Can you measure Ethical Behavior? An interview with Dr. Rigobon

In this episode of the Masters of Data podcast I speak with Roberto Rigobon, Professor of Applied Economics at the MIT Sloan School of Management. He has been teaching and advising students at Sloan for over 20 years and he has won both the “Teacher of the Year” award and the “Excellence in Teaching” award at MIT three times. During our conversation Roberto shares with me his theory of “Aggregate Confusion” and how we measure the wrong things at the wrong time, as well as some strategies that can better address the inefficiencies surrounding how we measure ethical behaviors.

As Roberto shares, his current focus on economics and measuring ethical behavior was not always his intention. Born in Venezuela, he studied chemistry in his early college years but then transitioned his academics to electrical engineering, which he soon discovered he did not like. From there he then changed his discipline to management, earning his MBA from MIT, while also beginning to focus his time and attention in the area of economics. Inevitably he has not left MIT since and he has been there for 25 years as both pupil and now professor. As a professor he now he applies his knowledge to teaching basic macro-economics, a study which helps his students focus on how political events and economic outcomes interact with each other. His professorship also helps him communicate why policies are hard to implement socially and economically as the world continues to become more like an emerging market. But his economic focus does end there. Outside of the classroom his research also compliments his teaching theories as he is researching ways to improve how we measure our lives and how to adapt how we measure the ethical behaviors in the world around us.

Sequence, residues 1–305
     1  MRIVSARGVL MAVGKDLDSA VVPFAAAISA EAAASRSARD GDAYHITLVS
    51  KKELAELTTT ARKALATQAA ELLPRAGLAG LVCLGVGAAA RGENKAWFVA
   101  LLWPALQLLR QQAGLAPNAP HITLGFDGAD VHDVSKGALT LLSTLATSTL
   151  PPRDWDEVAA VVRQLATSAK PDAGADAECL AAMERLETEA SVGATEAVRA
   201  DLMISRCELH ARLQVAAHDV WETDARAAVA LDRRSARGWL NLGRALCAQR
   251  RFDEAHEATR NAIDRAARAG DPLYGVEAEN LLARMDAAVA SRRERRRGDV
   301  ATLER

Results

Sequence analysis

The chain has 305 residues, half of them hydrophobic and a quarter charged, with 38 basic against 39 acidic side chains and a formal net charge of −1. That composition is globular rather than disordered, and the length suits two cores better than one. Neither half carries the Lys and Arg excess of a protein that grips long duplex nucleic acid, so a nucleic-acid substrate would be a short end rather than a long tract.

As Roberto and I discuss, data is so deeply tied into our world today (as well as informing how we make decisions) — so how we measure the data is massively important. The tendency across the globe is to only concentrate on extreme behavior of behavior that grabs our attention most. Pairing this reality with the trend that we tend to measure very infrequently, explains why it’s so often hard to make any decisions. This is where Roberto’s theory of aggregate confusion comes in to play as people begin to think about how we can measure ethical behaviors, not just data. The challenge as he sees it (as the basis of his theory) is that we often measure our perception, about something, not facts. And that means that we then concentrate on the wrong statistics which become influenced by our perception, rather than facts. How do we see this come into play in the real world? As Roberto and I discuss, we often measure things that we know are morally incorrect without a set of facts to back them up. We have a lot of moral judgements without any evidence, but then we have no idea how to react to whatever data we produce. The theory of aggregate confusion seeks to try and understand why the measurements that exist in these circumstances are so inconsistent and actually provide a way to create new measurements.

During the discussion Roberto and I also identify a real problem when it comes to measuring ethical behaviors. The truth is that people usually do not get outraged by statistics themselves, but rather they get outraged by the images or the visual and emotional connection they have to something related to the statistics. When this is the case and we only actually measure the moments when we are outraged, we make very emotional decisions which focus on the short term rather than finding a solution for the long term. The result is not only ineffective temporary solutions but many times that we are not actually improving society at all, which is the overall goal. But hope is not lost. Roberto feels strongly that to resolve this we have to become more effective at measuring the process before we get to the extreme (emotion-inducing) results by allowing people and organizations to measure themselves more efficiently. The overall approach to measuring data, which has historically been focused on perfectly measuring something that is irrelevant, has to be adapted to imperfectly measuring something that is relevant which can result in actually changing our ethical behaviors as a society.

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